But we all with unveiled faces, beholding and reflecting like a mirror the glory of the Lord, are being transformed into the same image from glory to glory, even as from the Lord Spirit.
2 Corinthians 3:18
Now this may sound odd to you, but to see the Lord clearly, we must be sure not to cover the eyes of our heart with a veil. You ask, how in the world can a veil cover our heart? We know what a veil is, but what could be some potential “veils” cluttering up the vision of our hearts? We could use our opinions or way of doing things rather than lining our decisions up with the Word of God. It could be a hobby or a habit we work our schedule around. Or, maybe it’s a Christian influencer which has been elevated or positioned as the go-to source for information or motivation.
Most of us would have preferred to look or be like someone else when we went through adolescence. The mirror was not our friend, it was the unveiled truth! The mirror seemed to magnify all our perceived imperfections! We saw all our flaws, and the celebrities looked, talked, and sang so perfectly, we lived to emulate them. We wanted to dress, style our hair, just, be like them. The avalanche of social media influencers has only made this even more difficult for our children.
Long before social media took center stage, there were these things called TV commercials, remember those? One of the most memorable and longest running commercial campaigns centered around a little boy named Mikey and Quaker Oats brand Life cereal. This commercial ran for twelve consecutive years! Imagine any social media campaign lasting even twelve weeks!
TV has certainly changed, hard to imagine what Mikey would be wearing these days. I am glad to have grown up with cereal commercials, Saturday morning cartoons, and programs like The Brady Bunch, Little House on the Prairie, MASH, and Happy Days. It was a much simpler life. We climbed trees, played kickball, and played hide and seek till the streetlights came on. And after dark, we played flashlight tag and caught lightning bugs. We snacked on crab apples, wild blackberries and drank the neighbor’s water hose dry! Those days are long gone, along with good old fashioned advertising slogans like, “He likes it! Hey Mikey!”
Young people aren’t the only people caught up in the social media maze; all age groups graze for likes and attention. There is nothing wrong with supporting Christian influencers, but there is a danger of making them your source of truth instead of our Lord and His Holy Word. If we are going to Instagram or Tik Tok for truth, or the way a Christian should be, screen time could present a false impression on what it looks like to be a living sacrifice for Christ.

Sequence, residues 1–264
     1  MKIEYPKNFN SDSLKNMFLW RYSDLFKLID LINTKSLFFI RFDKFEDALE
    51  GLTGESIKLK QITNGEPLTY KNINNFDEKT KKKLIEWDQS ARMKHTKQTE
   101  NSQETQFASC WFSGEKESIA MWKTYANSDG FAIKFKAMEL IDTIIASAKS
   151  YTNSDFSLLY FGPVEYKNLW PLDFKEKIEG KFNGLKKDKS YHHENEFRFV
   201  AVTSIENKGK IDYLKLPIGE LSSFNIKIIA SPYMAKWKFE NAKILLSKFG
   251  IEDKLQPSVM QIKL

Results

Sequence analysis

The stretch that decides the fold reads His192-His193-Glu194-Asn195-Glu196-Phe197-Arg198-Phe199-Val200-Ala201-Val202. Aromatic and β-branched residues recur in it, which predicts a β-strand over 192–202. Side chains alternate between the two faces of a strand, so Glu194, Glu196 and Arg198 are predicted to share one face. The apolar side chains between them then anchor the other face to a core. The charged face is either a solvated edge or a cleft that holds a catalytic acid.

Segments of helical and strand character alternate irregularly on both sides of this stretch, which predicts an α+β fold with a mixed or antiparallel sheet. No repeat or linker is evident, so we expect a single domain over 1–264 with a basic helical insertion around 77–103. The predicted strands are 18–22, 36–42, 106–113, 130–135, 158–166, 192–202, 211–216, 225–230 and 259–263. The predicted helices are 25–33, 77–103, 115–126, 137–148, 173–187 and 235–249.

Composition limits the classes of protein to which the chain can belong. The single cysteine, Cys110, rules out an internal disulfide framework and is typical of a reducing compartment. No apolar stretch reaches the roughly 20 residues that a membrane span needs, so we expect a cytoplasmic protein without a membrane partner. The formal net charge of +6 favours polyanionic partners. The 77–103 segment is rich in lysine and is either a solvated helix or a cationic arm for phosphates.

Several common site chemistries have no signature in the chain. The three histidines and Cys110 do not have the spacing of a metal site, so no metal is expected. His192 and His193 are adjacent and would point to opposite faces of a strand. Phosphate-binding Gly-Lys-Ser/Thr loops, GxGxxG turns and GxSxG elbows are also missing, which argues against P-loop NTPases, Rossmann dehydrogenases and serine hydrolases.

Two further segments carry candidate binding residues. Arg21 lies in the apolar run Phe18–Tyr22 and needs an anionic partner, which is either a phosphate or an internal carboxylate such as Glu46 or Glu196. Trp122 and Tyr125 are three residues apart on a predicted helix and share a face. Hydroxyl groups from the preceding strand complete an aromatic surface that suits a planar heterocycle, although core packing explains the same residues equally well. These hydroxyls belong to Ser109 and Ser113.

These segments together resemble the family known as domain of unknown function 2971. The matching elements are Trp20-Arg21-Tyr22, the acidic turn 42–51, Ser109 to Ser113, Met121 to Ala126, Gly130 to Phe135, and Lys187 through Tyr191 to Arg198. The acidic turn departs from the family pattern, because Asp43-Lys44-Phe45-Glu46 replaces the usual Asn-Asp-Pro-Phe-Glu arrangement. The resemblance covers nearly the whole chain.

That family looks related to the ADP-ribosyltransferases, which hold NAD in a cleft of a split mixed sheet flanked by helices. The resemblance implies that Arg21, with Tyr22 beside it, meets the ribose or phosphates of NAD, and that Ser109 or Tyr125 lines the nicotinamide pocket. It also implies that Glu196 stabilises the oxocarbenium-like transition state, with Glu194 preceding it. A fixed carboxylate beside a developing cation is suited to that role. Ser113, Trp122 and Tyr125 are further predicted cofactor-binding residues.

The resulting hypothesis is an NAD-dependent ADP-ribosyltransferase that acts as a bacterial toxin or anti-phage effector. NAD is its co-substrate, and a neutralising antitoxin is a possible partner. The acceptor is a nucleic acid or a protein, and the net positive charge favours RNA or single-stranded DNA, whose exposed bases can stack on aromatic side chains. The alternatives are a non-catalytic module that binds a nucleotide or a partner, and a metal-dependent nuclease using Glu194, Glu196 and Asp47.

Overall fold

If you are living for Jesus and being influenced by Him, the Word says you will be hated by the world, not liked. Jesus warned His disciples about being of the world: “If the world hates you, know that it has hated Me before it hated you. If you were of the world, the world would love you as its own, but because you are not of the world, but I chose you out of the world, therefore the world hates you.” John 15:18-19
Anything we allow in our daily walk which takes attention away from the Lord is a veil covering our heart. It could be a harmless thing, maybe even a Christian thing, but if you place your emphasis on it instead of the Lord, you could be missing out on His blessings. If Jesus is not the musical maestro over your heart it could explain why your notes are off key. When Jesus is the conductor, life could be offkey clanging symbols, but in your heart, it sounds like Beethoven’s Fifth!
John the Baptist was the forerunner to Christ, an influencer of the people. People followed John, paid close attention and hung on his every word, even though he was socially out of step. He was not selling wild honey and locusts. John understood his role serving God and encouraging repentance from sin. His platform was to announce the coming of the messiah, King Jesus. The beauty is, John knew he was to step aside once Jesus arrived on the stage.
John did not try to stay on stage with Jesus but instead encouraged his followers to follow Jesus. John knew Jesus should be center stage and second to no one. John 3:30 confirms John’s understanding, “He must become greater and greater, and I must become less and less.”
Sometimes it seems we think we must be center stage to be valuable to the Lord, but nothing could further from the truth. If we really want to influence others and make a difference for Jesus, we need to take our position backstage and shine the spotlight on Him!
Sometimes we allow our traditions to take precedent over what Jesus taught us. Paul speaks to that veil in 2 Corinthians 3:15-16, “Yes, even today when they read Moses’ writings, their hearts are covered with a veil, and they do not understand. But whenever their heart turns to the Lord, the veil is taken away.”
Paul was speaking about his Jewish brothers. They could not understand the writings of Moses in the Old Testament was about the coming of Jesus. I wonder sometimes if we have a limited understanding of the Savior Jesus. He explains in His Word what he expects, and we place a veil over those things because they are just too hard, or socially out of step.
Things are changing in the world, lining up with His Word. The war clouds are tumbling across the sky, and we have work to do. We must listen to the Lord and imitate Him.